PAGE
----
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South Pasadena to Avoid Budget Deficit by Cutting Unused Funds

By Eric Licas
The Review

South Pasadena city officials identified more than $2.5 million in unused funds that may alleviate a projected spending deficit, and set a timeline to develop next year’s budget during a meeting of the City Council and Finance Commission on April 17.
Analysis conducted earlier this year found that if the city’s budget remained unaltered, its spending would outpace revenue by $3.7 million. In order to avoid falling into the red, the City Council directed staff to dive into the city’s finances and find ways to save or generate money.
As of March 31, just more than $3 million of the city’s $6.85 million budget had been spent, and an additional $1.28 million has been allocated to various projects, according to reports from city staff. That leaves another estimated $2.54 million in unencumbered funds, Finance Director Jim Downs said.
“Worst case scenario, it’s only $2 million by the end of the year,” Finance Commission Chair Pete Giulioni said, adding that officials found the money after they started the year thinking “we’re out of budget.”
A significant portion of the spare funds come from projects that had been budgeted at the start of the fiscal year but never actually broke ground. The city’s fiscal year ends on June 30, and it’s unlikely that the city would approve contracts to take on any of that work before then, Downs said.
“We were hoping to accomplish more, but it has been a challenging year,” City Manager Arminé Chaparyan said. “…There are a number of projects; we’re barely getting them off the ground.”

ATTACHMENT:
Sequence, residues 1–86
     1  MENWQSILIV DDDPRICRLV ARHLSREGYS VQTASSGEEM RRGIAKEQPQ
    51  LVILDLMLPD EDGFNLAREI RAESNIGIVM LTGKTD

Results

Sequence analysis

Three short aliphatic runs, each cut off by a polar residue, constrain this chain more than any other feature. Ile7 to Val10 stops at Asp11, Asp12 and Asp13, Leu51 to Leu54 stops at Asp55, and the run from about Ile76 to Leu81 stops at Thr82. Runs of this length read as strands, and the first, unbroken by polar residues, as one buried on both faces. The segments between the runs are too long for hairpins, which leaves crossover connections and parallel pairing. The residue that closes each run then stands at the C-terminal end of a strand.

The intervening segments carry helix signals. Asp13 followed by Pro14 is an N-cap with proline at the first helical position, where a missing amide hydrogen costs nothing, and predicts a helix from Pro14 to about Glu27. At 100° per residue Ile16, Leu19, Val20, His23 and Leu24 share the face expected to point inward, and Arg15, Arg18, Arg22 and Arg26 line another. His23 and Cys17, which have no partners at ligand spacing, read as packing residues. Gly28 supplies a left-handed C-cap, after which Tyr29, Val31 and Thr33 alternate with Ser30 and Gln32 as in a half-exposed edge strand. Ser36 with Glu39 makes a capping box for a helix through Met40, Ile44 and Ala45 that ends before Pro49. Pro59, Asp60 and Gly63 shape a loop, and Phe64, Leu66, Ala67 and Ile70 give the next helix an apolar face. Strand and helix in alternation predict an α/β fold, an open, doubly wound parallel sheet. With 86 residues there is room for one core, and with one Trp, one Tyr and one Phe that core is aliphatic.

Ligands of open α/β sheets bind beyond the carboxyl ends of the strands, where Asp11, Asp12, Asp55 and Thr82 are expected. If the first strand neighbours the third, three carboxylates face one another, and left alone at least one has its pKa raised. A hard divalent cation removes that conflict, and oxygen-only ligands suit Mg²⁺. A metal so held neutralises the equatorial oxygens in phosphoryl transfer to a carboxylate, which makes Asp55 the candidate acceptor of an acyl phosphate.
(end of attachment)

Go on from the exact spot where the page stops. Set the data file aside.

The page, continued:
Meanwhile, officials have implemented a temporary hiring freeze on several vacant positions. These include full-time jobs in the city manager’s office, the Community Development Department, the Public Works Department and four positions in the South Pasadena Police Department.
Leaving those positions unfilled should save the city almost $368,000 this year, city staff estimated. And if officials decide to leave the job posts vacant or eliminate them for the next fiscal cycle, that could potentially shave off more than $1.4 million from the budget.
South Pasadena’s current financial concerns coincide with projections at the state level of a multibillion-dollar deficit. Lawmakers at the state level are clamping down on spending as economists project a $37.9 billion budget deficit in the next fiscal year.
Amid the dysfunction at the state level, city officials expect more hardship in the years to come, and plan on making “hard decisions,” in the near future, Downs said.
“We’ve given guidance to all the departments that this budget is going to be a very lean budget; don’t ask for anything new and even, quite frankly, if you haven’t spent money from the 23-24 budget, we’re going to be very critical on that and [asking], ‘Why do you need that for 24-25?’”
Staff have identified a variety of expenditures that may be dropped to save money, with an extension of the hiring freeze accounting for a large portion of the potential savings.
Meanwhile, the costs associated with certain long-term projects are expected to decline in the coming year.
“The poster child for that is the housing element,” Downs said. “We have a lot of programmed-out money in the housing element. That number is not going to increase, but it’s going to diminish.”
City officials are soliciting input on the budget from the public via surveys. Residents will also be able to speak on the matter at community meetings scheduled for May 13 and May 15.
Staff expect to present a proposed budget to the Finance Commission on May 29, and if approved, it could be adopted as soon as June 5.
However, Giulioni said the commission would be “laser-like,” in their review of the document, so it is possible that could take longer.
The process must be completed before the current fiscal year ends on June 30.
Giulioni thanked staff during the meeting for providing a detailed breakdown of the city’s finances. However, he continued to note that the same level of finance reporting had not been provided in the past.
“This is what the Finance Commission was asking for for the last eight months, this kind of understanding,” Giulioni said. “And we weren’t getting it. I want to be very clear with you: we were not getting that, which is another reason why the [recently disbanded] ad hoc committee looked like a reasonable thing.”

First published in the April 26 print issue of the South Pasadena Review.

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